If you are looking for excitement, for rides, for interactive 21st Century things, this is not the museum for you! This museum is not a great institution like the Imperial War Museum, that probably has government funding. It is a privately owned museum and no doubt lives and survives thanks to it's entrance fees. There are no flash and tourist trap things like at the London Dungeon next doors. As a matter of fact, if you don't know it's there, you will hardly take notice of it! But I go there, every time I am in London. I have visited the museum about ten times now, and never have I been disappointed. But it all depends on what you are looking for. I am a historian. I am looking for the feel of the blitz and the war, that you can not feel out on the modern day streets of London, where at best, you might find a building with some damaged bricks. When you get in to this museum, you leave 2012 and step back in time. It even smells 1940 and war. But sure, if you don't like that, don't go here. I do! I love sitting down beside the dolls in the "tube station" recreation and watch an hour long film, that sets me in the right mood and remind me of facts. Then you move out in to the small museum. One of my favourites, is the wedding cake out of card stock, that had to be rented since sugar, butter, everything needed to bake, was rationed. You see things here, that no other museum bothers with. In a sense, this is a home front museum, a museum that shows a lot about the women's situation. Which is probably why it is not so well liked. It's not a crowd pleasing museum, it's educational. That is why you often find school classes visiting here. Go visit some of the WWII museums in Normandy, and you will soon understand why this museum is as good or better. If you are not seriously interested in WWII and what things looked like, smelled like, sounded like, stay away from this museum and go to see how Harry Potter was made or to some other tourist trap!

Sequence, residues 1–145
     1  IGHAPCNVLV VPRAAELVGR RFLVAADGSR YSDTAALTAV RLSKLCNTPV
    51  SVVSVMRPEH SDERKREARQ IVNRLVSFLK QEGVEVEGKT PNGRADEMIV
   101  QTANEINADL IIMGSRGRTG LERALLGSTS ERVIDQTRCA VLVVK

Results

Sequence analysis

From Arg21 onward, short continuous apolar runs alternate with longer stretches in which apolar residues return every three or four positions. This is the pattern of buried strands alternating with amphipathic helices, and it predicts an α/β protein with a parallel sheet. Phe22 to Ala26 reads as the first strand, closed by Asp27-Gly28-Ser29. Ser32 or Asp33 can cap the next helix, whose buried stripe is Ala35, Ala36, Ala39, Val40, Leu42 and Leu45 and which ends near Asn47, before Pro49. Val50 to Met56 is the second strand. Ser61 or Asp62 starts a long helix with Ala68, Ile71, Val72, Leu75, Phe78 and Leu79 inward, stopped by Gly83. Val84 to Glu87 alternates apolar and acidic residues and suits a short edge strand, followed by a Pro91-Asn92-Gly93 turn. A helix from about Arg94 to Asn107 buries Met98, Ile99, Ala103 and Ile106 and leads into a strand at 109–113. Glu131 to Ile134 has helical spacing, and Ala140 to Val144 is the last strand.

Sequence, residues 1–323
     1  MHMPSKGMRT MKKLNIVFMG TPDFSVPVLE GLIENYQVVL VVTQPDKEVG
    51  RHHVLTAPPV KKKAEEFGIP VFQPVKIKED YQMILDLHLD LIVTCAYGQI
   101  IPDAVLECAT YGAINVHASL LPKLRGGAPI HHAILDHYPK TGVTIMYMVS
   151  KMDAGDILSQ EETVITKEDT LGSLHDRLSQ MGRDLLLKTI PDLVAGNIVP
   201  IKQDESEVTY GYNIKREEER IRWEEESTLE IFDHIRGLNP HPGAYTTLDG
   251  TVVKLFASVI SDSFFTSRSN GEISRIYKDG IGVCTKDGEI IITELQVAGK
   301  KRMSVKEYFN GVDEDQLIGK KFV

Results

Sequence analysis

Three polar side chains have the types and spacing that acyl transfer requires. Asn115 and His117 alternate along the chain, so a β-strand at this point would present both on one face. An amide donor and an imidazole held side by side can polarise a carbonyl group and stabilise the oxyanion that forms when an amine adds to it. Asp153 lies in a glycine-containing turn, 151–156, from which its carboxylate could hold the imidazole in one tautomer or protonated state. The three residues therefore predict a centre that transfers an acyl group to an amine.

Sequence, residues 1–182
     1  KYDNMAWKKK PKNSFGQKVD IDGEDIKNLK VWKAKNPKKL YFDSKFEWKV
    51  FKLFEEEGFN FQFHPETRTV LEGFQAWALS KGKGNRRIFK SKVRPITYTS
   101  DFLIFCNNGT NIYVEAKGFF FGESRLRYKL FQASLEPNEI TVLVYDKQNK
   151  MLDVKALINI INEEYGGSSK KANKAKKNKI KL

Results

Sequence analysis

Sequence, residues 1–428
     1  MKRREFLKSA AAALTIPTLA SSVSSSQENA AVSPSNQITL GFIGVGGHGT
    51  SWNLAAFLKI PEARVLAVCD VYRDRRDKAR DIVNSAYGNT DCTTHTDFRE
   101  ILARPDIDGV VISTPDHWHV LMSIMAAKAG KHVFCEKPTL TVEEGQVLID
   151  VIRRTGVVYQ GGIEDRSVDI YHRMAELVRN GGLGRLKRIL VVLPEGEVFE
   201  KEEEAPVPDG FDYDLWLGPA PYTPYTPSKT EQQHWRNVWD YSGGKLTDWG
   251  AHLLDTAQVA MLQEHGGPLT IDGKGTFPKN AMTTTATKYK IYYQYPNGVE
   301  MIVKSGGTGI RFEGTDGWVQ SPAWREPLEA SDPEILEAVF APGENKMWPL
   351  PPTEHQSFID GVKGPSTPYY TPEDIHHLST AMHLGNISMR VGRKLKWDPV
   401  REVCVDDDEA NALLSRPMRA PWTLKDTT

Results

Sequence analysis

Winston Churchill's Britain at War Experience
Until Mon Jul 2 2012
Time Out says
Posted: Fri May 26 2006
A WWII lift descends to a 1940s world of rationing, evacuation and land girls where visitors can listen to broadcasts made by Churchill, Chamberlain, Roosevelt, Hitler and Lord Haw Haw or take refuge from the London Blitz in an Anderson shelter or a crowded underground air raid shelter equipped with bunks, canteen and miniature library. In an evocative mock-up of a bombed-out London street the remains of a cinema, a pub and homes smoulder, air raid sirens wail and the bombing continues overhead.